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To campaign against Adani coal project, Australian natives will meet bankers in New York, London, Zurich, Hong Kong

By Our Representative
Has the Adani Group finally managed to win an important battle against those who are opposed to the Australian dollars 16.5 billion coalmining project in Queensland province? If the latest statement by a spokesperson of the indigenous people, who have been opposing the coalmines on the land which they claim is theirs, is any indication, they seem to be fighting a losing battle.
In his statement, spokesperson Murrawah Johnson accused “state and federal governments” of Australia for “trampling” upon traditional people’s “rights and interests” by approving the mine. All this happened, he admitted, even as "Adani tried to divide and conquer after we rejected an Indigenous Land Use Agreement.” Meanwhile, he added, “Australia’s Native Title Tribunal has dispossessed us, saying the mining leases may go ahead.”
“Vowing” to fight the setback they have suffered, the indigenous people’s organization announced at a press conference in Brisbane that their organization Wangan and Jagalingou (W&J) Family Council, announced launching of the Federal Court challenge to Adani Carmichael mine. The W&J spokesperson added, the indigenous group will simultaneously undertake what he said a “world banks tour to block finance” to the project.
“If the mine goes ahead, the W&J’s vast traditional lands and their ancient connection to country would be disappeared forever”, the indigenous people’s organization declared. Putting up brave face against the backdrop of the setback, W&J Traditional Owner Adrian Burragubba told mediapersons said the new campaign was being built “to make sure Carmichael never gets built.”
“First, we announce that we have filed an appeal and judicial review in the Federal Court of Australia. This court action challenges the decision of Australia’s National Native Title Tribunal that the Queensland government may issue mining leases for Carmichael. This challenge is unprecedented in the history of Native Title Tribunal decisions. If necessary, we will take our case all the way to the High Court”, Burragubba said.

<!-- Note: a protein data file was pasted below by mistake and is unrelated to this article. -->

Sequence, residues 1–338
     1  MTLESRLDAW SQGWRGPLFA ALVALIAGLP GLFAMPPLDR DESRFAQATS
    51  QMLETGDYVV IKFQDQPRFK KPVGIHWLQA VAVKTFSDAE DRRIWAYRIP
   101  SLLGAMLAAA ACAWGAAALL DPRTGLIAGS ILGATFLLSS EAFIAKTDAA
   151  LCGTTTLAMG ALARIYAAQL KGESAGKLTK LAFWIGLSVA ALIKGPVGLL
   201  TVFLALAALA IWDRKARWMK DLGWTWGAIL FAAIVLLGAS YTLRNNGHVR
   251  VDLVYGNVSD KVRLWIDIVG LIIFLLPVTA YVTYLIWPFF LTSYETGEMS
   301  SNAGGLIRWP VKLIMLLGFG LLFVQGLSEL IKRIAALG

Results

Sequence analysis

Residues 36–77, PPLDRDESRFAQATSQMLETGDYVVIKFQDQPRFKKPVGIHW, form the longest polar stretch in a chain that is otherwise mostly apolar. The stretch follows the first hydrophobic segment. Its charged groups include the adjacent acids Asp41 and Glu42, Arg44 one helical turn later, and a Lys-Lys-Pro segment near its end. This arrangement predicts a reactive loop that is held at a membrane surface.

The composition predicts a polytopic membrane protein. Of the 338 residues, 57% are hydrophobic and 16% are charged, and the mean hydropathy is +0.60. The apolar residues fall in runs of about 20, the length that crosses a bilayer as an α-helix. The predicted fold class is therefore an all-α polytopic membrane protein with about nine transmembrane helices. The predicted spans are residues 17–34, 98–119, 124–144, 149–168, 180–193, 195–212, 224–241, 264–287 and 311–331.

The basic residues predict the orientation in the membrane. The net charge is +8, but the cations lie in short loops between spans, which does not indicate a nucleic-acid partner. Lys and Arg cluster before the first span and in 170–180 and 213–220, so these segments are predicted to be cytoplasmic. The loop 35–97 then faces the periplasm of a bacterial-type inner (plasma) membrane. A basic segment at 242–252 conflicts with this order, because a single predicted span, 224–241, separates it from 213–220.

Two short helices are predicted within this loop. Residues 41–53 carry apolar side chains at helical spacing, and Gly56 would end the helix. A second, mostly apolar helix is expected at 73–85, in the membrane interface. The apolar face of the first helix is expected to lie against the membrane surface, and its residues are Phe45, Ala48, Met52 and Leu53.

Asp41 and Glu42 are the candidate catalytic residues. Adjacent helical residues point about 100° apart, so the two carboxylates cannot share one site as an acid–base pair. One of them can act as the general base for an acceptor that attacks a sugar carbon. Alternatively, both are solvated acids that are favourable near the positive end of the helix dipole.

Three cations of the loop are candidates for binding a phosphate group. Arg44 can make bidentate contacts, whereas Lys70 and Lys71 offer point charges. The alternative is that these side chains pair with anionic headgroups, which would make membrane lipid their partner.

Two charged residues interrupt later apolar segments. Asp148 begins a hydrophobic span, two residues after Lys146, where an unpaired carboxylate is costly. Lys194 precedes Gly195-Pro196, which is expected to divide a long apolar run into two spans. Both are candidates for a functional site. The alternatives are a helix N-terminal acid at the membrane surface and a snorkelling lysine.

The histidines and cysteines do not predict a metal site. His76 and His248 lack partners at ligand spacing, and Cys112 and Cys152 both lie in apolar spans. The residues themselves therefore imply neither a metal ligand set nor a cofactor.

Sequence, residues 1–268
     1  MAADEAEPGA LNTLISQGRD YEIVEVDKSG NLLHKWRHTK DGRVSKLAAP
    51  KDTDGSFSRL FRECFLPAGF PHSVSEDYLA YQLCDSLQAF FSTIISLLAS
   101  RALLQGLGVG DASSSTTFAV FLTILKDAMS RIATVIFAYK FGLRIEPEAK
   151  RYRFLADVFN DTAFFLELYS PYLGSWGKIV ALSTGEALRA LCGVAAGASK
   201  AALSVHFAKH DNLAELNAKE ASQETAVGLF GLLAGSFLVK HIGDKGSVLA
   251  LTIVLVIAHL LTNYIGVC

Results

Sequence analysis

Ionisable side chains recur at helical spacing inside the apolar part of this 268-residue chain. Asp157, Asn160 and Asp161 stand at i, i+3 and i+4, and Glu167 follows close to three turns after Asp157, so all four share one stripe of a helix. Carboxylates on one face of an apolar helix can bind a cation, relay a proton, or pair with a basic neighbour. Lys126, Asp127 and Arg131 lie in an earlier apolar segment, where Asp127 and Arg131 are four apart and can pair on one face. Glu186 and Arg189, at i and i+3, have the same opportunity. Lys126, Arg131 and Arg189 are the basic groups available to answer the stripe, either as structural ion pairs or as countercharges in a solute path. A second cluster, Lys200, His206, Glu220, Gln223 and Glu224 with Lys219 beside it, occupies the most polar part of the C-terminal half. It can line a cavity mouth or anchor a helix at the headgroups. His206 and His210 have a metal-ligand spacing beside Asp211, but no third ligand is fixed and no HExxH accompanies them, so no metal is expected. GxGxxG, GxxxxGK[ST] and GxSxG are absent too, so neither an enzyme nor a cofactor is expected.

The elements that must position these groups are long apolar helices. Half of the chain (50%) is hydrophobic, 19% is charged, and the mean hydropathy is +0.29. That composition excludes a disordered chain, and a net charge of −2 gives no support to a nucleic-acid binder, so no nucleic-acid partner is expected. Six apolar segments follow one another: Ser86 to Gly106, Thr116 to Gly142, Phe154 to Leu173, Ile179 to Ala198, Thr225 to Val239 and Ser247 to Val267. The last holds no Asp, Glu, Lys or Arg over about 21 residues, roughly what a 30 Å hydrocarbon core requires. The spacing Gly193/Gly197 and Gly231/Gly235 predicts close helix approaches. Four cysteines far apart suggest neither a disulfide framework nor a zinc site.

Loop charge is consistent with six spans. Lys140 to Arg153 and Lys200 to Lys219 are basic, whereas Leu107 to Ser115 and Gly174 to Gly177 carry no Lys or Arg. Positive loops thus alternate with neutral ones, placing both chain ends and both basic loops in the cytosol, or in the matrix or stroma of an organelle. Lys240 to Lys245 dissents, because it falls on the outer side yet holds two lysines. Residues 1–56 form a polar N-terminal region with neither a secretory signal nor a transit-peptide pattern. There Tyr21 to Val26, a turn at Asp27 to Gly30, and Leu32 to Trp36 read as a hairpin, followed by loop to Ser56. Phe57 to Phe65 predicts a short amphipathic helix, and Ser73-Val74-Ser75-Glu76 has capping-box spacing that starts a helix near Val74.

And, since the Adani mine needs “billions of dollars of finance if it is to ever go ahead”, said Burragubba, “we also announce that in 48 hours, on Sunday, May 31, we will embark a world tour to hold high-level talks with investment banks on Wall Steet, in European finance capitals, and in Asia.”
“We will communicate to the banks that we do not consent to Carmichael, and the reasons we cannot allow this mine to go ahead. We will remind them that any bank that funds Carmichael will be breaching important human rights principles to which they are signatory; principles requiring that projects that affect Indigenous Owners have their consent. We’ll urge them to honour their obligations and commit to ruling out funding,” Burragubba said.
The places they will visit, according to the programme announced by the spokesperson, include New York where they will meet officials of investment banks Goldman Sachs and Citi, Bank of America; Washington DC, where they will meet officials of US Export Import Bank; London, where they will meet officials of Standard Chartered; Zurich where they will meet investment banks UBS and Credit Suisse; and Hong Kong, where they will meet officials of HSBC.

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